Today we will talk about articles, how many there are in English and how to use  them. In the English Language the word “article” can have two meanings: the first is a piece of some written information (like scientific research, investigation, news report, etc.) and the second meaning is a part of speech, which is usually put before a noun, such as “a, an, the” (e.g. a peach, an orange). And we will study definite, indefinite and zero articles “a, an, the”. So, let us start!

We usually put an article before a singular noun. The noun is a word that expresses some object, person or issue and answers the questions “What?/Who?”, like “an apple, a dog, a person, etc.”.  It’s also important to know that we never use articles before pronouns, you can not say: “It is a my room”, say “It is my room”. Note down, that if before a noun goes an adjective (e.g. It is a big room) or an adverb + adjective (e.g. It is a very big room), we put the article before the adjective/adverb as in the examples. You can also check the word order rules in the table below.

Table 1. Word order of English articles

Scheme Example
Noun It is a film.
Adjective + Noun It is a funny film.
Adverb + Adjective + Noun It is a very funny film.
Pronoun + Noun It is my popcorn.

In the English language, there are four articles. These are:

  • a
  • an
  • the
  • zero article

Firstly, let us talk about the articles “a/an”. They are named indefinite, because we put them before a general or not certain noun or an object we talk about for the first time. For instance: “He is a friend of mine. I want to eat an apple”. And why do we need two indefinite articles? It’s simply because before the nouns that start with a consonant (b/d/f/h etc.) we put “a” and before the nouns starting with a vowel (a/e/i/o/u) we put the article “an”. This rule is needed because of some phonetic nuances. It will be really hard to articulate two vowels separately, like “a apple”, it’s much easier to add “n” and pronounce “an apple”. That is why now we have two indefinite articles: “a” and “an”. But, it is not always so, there are some exceptional cases, when we shall write “an” before a noun that starts with a consonant! It usually happens with the nouns starting with “h”, for example in the words “an honour /ˈɒnə/, an heir //”. The letter “h” is not pronounced, that is why we firstly say a vowel instead of a consonant and shall use “an”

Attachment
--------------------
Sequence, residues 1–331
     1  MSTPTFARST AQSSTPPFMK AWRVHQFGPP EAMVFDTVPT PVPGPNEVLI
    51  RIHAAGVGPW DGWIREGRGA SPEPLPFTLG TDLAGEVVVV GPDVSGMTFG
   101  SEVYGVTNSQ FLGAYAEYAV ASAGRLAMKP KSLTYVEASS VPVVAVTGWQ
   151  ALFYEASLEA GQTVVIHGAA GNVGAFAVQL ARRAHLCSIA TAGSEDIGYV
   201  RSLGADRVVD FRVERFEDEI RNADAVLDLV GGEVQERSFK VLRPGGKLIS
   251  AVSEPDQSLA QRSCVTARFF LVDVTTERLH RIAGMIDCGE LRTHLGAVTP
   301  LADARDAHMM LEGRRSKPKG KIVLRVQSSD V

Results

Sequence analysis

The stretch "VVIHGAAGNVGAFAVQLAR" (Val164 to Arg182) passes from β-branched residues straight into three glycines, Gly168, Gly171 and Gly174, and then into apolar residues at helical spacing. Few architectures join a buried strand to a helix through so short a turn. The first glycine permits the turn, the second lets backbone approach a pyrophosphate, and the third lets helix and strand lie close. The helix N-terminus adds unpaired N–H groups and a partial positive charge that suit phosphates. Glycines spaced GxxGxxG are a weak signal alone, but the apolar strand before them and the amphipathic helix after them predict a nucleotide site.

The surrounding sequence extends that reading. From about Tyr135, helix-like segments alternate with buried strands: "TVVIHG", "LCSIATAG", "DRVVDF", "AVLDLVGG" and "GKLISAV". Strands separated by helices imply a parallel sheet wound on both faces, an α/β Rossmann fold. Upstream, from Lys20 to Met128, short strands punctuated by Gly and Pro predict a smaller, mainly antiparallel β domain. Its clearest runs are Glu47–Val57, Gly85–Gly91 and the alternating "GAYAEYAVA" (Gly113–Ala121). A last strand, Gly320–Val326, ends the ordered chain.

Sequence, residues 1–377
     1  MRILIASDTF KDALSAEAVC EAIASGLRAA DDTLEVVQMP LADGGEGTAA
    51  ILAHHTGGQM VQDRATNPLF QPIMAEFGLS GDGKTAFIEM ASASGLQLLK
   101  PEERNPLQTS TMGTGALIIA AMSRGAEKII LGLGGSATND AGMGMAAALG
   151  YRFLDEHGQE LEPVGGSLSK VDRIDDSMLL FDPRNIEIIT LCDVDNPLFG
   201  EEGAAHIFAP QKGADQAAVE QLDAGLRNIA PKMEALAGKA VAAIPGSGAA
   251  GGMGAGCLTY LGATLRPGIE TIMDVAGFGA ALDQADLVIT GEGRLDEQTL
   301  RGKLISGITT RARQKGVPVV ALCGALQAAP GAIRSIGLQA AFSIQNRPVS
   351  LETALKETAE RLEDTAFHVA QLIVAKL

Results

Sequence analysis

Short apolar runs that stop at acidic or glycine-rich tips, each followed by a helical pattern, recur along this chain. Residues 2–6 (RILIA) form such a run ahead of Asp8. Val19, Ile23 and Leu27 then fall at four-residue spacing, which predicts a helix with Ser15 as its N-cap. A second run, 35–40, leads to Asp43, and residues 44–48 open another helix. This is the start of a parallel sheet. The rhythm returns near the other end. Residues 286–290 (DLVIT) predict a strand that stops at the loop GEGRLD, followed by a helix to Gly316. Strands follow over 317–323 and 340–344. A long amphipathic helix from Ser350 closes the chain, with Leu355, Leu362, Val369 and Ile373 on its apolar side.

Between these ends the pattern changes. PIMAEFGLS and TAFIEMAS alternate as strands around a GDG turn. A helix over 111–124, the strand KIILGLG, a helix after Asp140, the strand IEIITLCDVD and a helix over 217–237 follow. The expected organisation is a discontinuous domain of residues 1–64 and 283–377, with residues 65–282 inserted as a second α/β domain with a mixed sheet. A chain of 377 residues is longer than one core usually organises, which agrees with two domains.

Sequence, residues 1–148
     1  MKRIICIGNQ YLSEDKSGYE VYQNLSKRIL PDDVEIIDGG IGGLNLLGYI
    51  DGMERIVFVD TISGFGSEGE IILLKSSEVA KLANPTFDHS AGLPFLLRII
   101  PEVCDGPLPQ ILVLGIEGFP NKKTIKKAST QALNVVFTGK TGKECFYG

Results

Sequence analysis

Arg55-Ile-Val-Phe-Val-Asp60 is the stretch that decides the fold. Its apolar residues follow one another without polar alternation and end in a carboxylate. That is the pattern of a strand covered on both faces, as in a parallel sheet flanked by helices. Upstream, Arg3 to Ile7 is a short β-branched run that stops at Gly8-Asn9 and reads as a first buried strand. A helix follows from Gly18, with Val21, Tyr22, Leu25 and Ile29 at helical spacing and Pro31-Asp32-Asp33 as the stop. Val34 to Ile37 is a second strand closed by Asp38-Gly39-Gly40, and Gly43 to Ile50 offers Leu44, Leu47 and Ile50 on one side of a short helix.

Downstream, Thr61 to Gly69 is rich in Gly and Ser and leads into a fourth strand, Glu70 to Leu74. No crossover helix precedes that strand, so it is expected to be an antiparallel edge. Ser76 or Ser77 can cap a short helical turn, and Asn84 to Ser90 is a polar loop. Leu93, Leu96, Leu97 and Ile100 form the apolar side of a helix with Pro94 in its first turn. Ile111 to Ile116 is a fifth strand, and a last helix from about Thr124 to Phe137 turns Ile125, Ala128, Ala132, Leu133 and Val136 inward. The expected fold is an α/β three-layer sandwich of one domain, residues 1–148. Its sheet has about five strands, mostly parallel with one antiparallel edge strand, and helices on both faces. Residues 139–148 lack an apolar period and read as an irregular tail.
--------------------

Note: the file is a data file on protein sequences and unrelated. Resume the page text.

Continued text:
The next article - “the” is named definite. We should use it before a certain noun or an object we talk about not for the first time. Compare these two examples: “I want to eat an apple. The red apple looks delicious.” 

And the last article is named “zero article”. It means that certain nouns do not require articles, so we use the zero article before them. For example, these are some geographical names, like streets, cities: “I live on Downing Street. I’m going to London”. Use zero article with abstract nouns (e.g. I don’t like modern education), people’s names (e.g. It is Bill), days and months (e.g. Let’s meet on Monday!), languages and academic subjects (e.g. I love studying English History”. You should not use indefinite articles with uncountable nouns, so use zero article instead, for example: “I eat pasta every day”. “Pasta” is an uncountable noun, so we should use the zero article here. 

To sum up, we know that there are four articles: “a, an, the, zero article”. Indefinite articles “a/an” are used with a not certain noun/noun phrase and the definite article “the” is used with a certain noun/noun phrase. The “zero article” is used with some special nouns, like names, months, etc. Well, not that hard, isn’t it? For your convenience there is Table 2 below, where you can check the information discussed above.

Table 2. Four English articles

Article Usage Example
a uncertain object starting with a consonant Give me a piece of pizza.
an uncertain object starting with a vowel Give me an apple.
the certain object  I want an apple, give me the red apple.
zero article special groups of nouns, that don’t require any article I like pizza that is made in New York.